How Do Dual-Eligible Individuals Get Their Medicare Coverage?
|Data: Medicare enrollment is based on analysis of the Centers for Medicare & Medicaid Services Chronic Conditions Data Warehouse 2020 research-identifiable Master Beneficiary Summary File (MBSF) Base. The estimates are based on a 20% sample of Medicare beneficiaries.
Sample Definition: Medicare beneficiaries were required to have both Part A and Part B in March 2020 to be included in this analysis. Dual-eligible individuals were identified based on their dual status in March 2020. This analysis includes people in the 50 States, Puerto Rico, and Washington, D.C. Individuals without a valid state and county code were excluded. This approach is consistent with other KFF analysis of Medicare Advantage enrollment in some ways, but differs from previous analyses of dual-eligible individuals in four main ways: first, in previous analyses individuals with Medicare Part A or Part B were included. Second, in previous analyses dual eligibility included individuals who were dually eligible for Medicare and Medicaid at any point during the year, whereas in this study dual eligibility was defined in the month of March. Third, previous analyses included only people living in the 50 states and the District of Columbia, in contrast this analysis includes people living in Puerto Rico as well. Finally, previous analyses did not require a valid county code to identify where individuals lived. As a result, this analysis includes a lower number of dual-eligible individuals (10.6 million) than KFF reports elsewhere (12.5 million).
Traditional Medicare enrollment: Beneficiaries without a valid Medicare Advantage contract ID in March 2020 were defined as enrolled in traditional Medicare. This analysis does not identify beneficiaries who are aligned to an Accountable Care Organization or who receive their Medicare benefits through a Financial Alignment Initiative managed FFS program. Additionally, this analysis is unable to identify traditional Medicare beneficiaries who have employer-sponsored or self-purchased supplemental insurance coverage because this information is not included in the MBSF data.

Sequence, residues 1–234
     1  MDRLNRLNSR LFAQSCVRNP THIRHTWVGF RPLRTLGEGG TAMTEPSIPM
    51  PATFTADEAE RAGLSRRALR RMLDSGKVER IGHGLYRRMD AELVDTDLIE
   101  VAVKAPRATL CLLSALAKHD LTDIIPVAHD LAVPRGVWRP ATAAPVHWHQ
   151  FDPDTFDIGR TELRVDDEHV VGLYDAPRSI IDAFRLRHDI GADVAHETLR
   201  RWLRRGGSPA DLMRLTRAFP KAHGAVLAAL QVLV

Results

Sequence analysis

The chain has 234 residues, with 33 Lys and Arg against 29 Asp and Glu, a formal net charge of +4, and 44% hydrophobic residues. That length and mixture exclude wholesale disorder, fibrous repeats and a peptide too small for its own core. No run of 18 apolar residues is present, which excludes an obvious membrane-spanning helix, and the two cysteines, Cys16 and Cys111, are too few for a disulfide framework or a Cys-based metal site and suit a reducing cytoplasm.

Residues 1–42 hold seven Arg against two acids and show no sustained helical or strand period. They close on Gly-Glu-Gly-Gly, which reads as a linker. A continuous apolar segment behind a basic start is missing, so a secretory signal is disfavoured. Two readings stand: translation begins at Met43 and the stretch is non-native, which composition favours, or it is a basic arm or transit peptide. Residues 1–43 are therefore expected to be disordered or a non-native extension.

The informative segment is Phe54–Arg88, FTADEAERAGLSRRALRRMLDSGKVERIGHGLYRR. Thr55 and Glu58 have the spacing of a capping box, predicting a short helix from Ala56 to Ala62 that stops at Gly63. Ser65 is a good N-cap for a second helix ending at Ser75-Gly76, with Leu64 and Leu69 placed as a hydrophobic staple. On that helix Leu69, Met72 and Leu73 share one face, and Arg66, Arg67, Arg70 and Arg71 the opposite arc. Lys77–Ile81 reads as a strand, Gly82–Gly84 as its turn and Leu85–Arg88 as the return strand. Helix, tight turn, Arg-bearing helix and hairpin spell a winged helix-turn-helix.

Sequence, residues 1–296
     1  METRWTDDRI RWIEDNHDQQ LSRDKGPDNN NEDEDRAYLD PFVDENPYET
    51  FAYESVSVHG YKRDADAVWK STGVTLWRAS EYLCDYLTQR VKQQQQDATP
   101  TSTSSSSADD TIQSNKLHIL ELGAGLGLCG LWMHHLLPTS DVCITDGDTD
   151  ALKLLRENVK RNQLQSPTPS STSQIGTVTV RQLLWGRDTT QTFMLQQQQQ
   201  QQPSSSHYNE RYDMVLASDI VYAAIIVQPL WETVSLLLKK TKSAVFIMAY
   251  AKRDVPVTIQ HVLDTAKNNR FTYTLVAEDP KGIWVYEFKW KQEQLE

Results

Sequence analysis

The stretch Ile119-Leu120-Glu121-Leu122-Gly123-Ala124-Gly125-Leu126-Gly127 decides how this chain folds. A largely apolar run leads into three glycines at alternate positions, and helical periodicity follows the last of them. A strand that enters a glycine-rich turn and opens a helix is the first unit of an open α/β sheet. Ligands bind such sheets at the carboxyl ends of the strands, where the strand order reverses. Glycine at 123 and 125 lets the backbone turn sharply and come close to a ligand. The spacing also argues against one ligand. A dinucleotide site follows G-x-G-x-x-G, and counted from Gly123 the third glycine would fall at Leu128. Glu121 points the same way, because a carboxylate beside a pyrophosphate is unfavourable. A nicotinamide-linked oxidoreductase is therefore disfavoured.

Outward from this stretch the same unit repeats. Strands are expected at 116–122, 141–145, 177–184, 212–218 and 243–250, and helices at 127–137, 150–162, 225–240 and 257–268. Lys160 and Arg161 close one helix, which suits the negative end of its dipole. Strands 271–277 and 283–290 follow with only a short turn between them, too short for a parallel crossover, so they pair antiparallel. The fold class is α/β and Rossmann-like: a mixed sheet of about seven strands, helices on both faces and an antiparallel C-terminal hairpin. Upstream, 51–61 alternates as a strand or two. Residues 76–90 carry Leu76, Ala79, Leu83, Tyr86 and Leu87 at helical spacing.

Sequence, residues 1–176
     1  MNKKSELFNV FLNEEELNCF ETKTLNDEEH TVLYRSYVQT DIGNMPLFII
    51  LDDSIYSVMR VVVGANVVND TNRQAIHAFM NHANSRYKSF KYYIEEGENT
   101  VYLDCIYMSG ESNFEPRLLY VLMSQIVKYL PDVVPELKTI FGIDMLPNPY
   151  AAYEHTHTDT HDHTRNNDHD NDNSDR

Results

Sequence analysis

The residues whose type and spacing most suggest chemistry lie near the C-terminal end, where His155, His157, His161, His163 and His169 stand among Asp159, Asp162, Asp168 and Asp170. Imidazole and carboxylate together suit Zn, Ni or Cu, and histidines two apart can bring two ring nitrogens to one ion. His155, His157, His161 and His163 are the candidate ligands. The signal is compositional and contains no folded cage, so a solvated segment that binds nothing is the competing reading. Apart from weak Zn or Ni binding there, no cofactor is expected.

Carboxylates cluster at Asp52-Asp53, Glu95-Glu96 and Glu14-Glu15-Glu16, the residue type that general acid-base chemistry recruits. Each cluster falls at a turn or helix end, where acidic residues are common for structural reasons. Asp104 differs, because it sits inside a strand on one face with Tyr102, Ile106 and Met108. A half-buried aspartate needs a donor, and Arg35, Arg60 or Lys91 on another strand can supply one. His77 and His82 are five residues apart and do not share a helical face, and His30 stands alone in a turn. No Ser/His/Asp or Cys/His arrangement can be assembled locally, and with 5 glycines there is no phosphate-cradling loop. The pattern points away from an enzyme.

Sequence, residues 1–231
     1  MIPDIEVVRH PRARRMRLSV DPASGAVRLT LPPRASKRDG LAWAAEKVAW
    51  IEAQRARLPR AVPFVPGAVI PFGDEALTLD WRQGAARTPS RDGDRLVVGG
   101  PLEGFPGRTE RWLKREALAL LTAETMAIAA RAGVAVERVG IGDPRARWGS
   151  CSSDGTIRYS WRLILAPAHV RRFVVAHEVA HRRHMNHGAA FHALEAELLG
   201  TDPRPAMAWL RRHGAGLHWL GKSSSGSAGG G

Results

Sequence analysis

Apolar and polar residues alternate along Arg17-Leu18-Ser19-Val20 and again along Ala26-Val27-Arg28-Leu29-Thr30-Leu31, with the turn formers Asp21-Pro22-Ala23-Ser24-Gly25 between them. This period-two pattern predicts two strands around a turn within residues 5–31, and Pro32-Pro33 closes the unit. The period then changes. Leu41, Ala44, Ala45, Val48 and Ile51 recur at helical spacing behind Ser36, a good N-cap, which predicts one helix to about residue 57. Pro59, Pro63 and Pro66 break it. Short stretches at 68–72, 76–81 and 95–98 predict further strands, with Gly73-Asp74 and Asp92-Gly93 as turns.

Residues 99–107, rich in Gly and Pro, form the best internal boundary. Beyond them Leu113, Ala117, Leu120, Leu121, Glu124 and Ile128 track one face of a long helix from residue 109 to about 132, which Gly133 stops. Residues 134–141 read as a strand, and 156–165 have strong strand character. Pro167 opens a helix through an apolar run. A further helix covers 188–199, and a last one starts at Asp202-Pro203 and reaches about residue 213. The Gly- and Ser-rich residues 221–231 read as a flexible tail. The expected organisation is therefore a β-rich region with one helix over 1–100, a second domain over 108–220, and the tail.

Medicare Advantage enrollment: This includes enrollment in all private plans including Medicare Advantage plans. Beneficiaries with a valid contract ID in March 2020 were identified as enrolled in Medicare Advantage. To determine the type of plan in which the beneficiary was enrolled, the contract ID and plan ID were matched to the March 2020 Monthly Enrollment by Plan or the Special Needs Plan Report data published by CMS.
Medicare Advantage plans include SNPs (D-SNPs, I-SNPs and C-SNPs), individual plans and employer plans and other types of private plans include: Program for All-Inclusive Care (PACE) plans, Medicare-Medicaid Plans, section 1876 cost contract plans, and section 1833 health care prepayment plans (HCPP plans). In this analysis non-Medicare Advantage plans are included in the Medicare Advantage enrollment totals, in contrast to other KFF analyses, which have excluded these types of plans. When those plans are excluded, the share of Medicare beneficiaries with both Part A and Part B that are in a Medicare Advantage plan is slightly lower.
Identifying Dual-Eligible Individuals: Dual eligibility was identified based on the dual-eligible status code in March 2020. Those who had a dual eligibility code of 02, 04, or 08 were assigned full-benefit dual eligibility status and those with a code of 01, 03, 05, or 06 were assigned partial-benefit dual eligibility status. In Puerto Rico, individuals were also flagged as dual-eligible individuals if they were enrolled in a coordination-only D-SNP in March 2020. All other Medicare beneficiaries were identified as Medicare beneficiaries without Medicaid.
Race/Ethnicity. Race/ethnicity was identified using the variable RTI race code in the MBSF which was developed by the Research Triangle Institute using an algorithm.
Geographical identifiers. A metropolitan statistical area consists of the county or counties (or equivalent entities) associated with at least one urbanized area of at least 50,000 population, plus adjacent counties having a high degree of social and economic integration with the core as measured through commuting ties. A micropolitan statistical area consists of, “the county or counties (or equivalent entities) associated with at least one urban cluster of at least 10,000 but less than 50,000 population, plus adjacent counties having a high degree of social and economic integration with the core as measured through commuting ties. Rural statistical areas are all other non-metropolitan and non-micropolitan areas.